You’re in the canned legume aisle at the grocery store and you’re surprised to discover lupini beans. You’ve never heard of them before and yet! They are a great snack, much like edamame or peanuts. You can eat them as they are, and it’s ultra trendy in the Mediterranean in bars! But how do you cook them? Are they healthy? Find out more about lupini beans, those amazing yellow beans!
A little more about lupini beans
Well, as you saw in the legume aisle, lupini beans are yellow and have an oval shape. You’ll sometimes find it referred to as “lupini seeds”. Its texture is less floury and firmer than chickpeas and most other legumes.
If you buy it in a can or glass jar, it is recommended that you rinse them well before eating them to lower the amount of sodium (salt!). Indeed, lupini beans are often bathed in a brine solution, which is very rich in salt, to help preserve them.
Do you have to remove the membrane from the lupini beans before eating them?
You can eat lupini beans with or without the skin! Freshly cooked lupini beans that are not in brine can be kept at room temperature for up to 2 hours. Otherwise, in the refrigerator, the beans will keep for about 5 days.
Where do lupini beans grow?
Lupini seeds are a variety of legumes. Lupini beans are grown all over the world, but lupini plants like sandy, well-drained soil with an acidic to neutral pH. This is why they are grown mainly in Oceania and Europe.
The plant can grow at any altitude and is a perennial, which is why it is so popular!
Also, there are several varieties of this plant, with flowers of different colors: purple, yellow or red!
Did you know that...
the lupini is the emblematic plant of Texas, one of the largest states in the United States of America?
Where to buy dry lupini beans?
You can buy lupini seeds in different forms:
- Dried (in the dry legume aisle);
- Canned (in the canned pulse aisle at the grocery store);
- Pickled (near the canned olives aisle at the grocery store);
- Vacuum-sealed (in the international aisle);
- In flour (in the deli or organic grocery stores).
How do I cook lupini seeds?
If you decide to buy dried lupini seeds, you will need to soak them first before cooking them. Unlike regular legumes, which require a soaking time of about 12 hours, lupini seeds will need to soak longer, up to 24 hours!
After soaking, the lupini seeds will have a yellowish tint and an oval shape. After that, you will need to cook them for an hour in boiling water. Make sure the beans are always covered with water during cooking. Then drain them and rinse them with cold water.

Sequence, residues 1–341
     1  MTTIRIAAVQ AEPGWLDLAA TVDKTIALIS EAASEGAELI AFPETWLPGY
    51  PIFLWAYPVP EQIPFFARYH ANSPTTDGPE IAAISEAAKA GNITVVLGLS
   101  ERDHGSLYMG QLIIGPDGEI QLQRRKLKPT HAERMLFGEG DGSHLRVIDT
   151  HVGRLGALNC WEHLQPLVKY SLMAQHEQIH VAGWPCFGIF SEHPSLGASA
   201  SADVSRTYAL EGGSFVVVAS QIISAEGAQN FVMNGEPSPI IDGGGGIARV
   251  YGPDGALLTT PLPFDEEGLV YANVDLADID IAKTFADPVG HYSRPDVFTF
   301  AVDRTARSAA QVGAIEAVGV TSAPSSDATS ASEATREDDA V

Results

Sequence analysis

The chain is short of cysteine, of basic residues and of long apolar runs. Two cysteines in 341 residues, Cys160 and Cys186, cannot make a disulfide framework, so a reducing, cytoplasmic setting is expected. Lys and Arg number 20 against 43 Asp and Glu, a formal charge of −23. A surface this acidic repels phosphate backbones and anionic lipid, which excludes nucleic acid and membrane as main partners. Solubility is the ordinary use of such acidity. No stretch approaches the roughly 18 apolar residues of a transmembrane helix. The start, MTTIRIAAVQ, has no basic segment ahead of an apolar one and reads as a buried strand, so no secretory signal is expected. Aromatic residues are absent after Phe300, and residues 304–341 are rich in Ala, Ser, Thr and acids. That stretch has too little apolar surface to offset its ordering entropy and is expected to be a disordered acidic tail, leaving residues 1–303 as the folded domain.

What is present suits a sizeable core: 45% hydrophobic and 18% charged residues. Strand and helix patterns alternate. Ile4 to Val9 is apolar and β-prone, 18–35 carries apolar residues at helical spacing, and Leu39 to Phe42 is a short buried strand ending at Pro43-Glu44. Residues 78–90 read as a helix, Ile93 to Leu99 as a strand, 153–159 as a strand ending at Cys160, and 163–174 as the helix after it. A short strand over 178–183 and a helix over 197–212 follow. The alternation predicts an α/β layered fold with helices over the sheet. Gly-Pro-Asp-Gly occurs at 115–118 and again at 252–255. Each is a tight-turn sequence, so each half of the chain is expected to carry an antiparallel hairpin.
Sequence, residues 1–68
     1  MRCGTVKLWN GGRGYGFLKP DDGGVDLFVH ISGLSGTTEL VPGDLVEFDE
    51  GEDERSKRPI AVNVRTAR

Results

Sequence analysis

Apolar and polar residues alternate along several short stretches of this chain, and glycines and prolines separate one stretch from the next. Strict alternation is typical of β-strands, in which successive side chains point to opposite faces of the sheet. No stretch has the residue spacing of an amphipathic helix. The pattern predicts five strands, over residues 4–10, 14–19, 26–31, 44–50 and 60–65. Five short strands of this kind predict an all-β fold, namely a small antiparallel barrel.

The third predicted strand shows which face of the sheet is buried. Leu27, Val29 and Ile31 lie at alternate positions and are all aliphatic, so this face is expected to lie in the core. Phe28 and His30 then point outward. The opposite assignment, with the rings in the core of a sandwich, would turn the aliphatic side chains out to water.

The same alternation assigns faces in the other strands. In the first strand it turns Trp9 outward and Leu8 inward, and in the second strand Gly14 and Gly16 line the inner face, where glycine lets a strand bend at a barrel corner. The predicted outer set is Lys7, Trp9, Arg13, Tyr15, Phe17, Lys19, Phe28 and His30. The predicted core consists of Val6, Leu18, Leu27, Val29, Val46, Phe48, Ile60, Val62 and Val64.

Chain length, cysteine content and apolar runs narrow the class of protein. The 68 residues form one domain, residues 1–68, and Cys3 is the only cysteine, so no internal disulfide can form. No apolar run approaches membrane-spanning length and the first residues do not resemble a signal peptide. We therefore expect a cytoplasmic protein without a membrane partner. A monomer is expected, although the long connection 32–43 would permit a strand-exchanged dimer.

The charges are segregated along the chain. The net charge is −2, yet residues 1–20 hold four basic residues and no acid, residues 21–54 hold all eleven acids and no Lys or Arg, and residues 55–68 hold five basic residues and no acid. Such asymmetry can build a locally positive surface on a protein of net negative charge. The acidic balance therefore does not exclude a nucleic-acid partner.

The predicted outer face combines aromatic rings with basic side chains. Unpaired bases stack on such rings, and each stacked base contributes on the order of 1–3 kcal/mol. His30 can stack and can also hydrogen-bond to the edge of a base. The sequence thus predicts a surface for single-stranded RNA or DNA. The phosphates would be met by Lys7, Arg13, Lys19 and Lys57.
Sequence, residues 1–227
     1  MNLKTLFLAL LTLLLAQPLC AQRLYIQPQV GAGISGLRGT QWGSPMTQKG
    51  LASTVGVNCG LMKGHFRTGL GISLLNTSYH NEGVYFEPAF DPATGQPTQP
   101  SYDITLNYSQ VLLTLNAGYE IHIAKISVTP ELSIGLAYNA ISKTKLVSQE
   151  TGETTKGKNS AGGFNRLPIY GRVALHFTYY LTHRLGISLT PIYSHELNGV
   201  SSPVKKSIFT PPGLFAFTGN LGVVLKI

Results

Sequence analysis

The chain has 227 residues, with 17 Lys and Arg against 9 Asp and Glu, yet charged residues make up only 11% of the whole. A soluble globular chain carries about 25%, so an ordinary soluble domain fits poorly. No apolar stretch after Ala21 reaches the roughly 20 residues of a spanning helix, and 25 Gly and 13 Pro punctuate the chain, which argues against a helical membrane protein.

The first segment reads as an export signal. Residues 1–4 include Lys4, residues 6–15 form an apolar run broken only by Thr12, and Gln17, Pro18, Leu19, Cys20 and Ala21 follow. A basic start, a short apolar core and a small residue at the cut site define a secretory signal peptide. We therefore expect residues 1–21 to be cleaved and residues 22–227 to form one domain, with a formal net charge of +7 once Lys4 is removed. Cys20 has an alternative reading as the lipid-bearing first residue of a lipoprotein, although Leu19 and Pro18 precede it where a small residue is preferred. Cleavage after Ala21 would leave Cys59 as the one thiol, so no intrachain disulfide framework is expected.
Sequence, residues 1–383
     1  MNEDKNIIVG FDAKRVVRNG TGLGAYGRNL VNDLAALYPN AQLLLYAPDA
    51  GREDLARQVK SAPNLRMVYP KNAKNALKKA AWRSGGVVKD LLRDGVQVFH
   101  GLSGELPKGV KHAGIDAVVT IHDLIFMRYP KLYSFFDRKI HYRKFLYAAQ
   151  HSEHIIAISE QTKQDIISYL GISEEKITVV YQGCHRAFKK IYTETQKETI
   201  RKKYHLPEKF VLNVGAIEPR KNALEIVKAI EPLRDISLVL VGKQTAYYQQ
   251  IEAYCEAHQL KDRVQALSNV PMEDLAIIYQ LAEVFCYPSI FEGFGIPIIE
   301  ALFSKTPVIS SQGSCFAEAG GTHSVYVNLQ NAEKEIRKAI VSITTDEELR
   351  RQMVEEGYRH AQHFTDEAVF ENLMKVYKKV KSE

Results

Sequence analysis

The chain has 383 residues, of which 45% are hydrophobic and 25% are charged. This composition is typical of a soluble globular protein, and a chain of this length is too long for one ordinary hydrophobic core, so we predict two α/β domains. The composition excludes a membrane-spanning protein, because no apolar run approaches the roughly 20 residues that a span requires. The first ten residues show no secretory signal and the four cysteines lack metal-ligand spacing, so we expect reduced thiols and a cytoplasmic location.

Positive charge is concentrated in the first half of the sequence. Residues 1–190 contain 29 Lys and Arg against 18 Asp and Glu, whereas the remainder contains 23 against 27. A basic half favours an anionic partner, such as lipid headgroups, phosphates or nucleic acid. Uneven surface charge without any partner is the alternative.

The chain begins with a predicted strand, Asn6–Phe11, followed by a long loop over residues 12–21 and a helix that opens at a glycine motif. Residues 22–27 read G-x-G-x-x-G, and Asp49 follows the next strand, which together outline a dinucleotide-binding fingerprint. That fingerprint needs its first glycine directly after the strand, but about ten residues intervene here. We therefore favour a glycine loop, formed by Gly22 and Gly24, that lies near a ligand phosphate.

The next step is another soaking step and this one will last 5 days. Yes, you read that right! Indeed, this step is very important because soaking is necessary to eliminate traces of alkaloids, toxic compounds that give a very bitter taste to lupini beans. To avoid these compounds, add 15 ml (1 tbsp) of salt per liter of water to a large bowl of cold water. Soak the lupini beans.
You should also change the water on average twice a day!
These preparation steps are tedious, so don’t hesitate to get them already cooked! All the preliminary work will have been done for you.
You can eat your lupini beans as an appetizer like nuts or olives, in tagines, pan-fried, as snacks or even to replace any legume in your favorite recipes. Some people use them to make burger patties. Yummy! Don’t hesitate to let your imagination run wild.
What are the benefits of lupini beans?
Lupini beans are an interesting source of plant-based protein. In fact, they provide an average of 25 g per 250 ml (1 cup) serving when cooked. They are also rich in dietary fiber. Much more than chickpeas and olives, which they replace very well.
In addition, lupini beans have a low glycemic index, which is a definite advantage for people with diabetes. Thanks to the high presence of dietary fiber, lupini beans can prevent cardiovascular diseases. Lupini beans also contain B-complex vitamins such as thiamine and folate.
If you are allergic to peanuts, you should know that lupini beans can trigger anaphylactic shock. The European Union even recognizes lupini beans as an allergen!
Also, you should never eat raw dried lupini beans because of the alkaloid content. It’s better this way, because you might also break a tooth!
So when asked if lupini beans are fattening, the answer is no! In fact, they are an excellent substitute for cocktail olives at cocktail hour.
All in all, lupini beans are an easy legume to incorporate into your favourite recipes and are an interesting source of protein and fiber. Since cooking them can be time consuming and complicated, you can buy them canned to simplify your life and get all their benefits!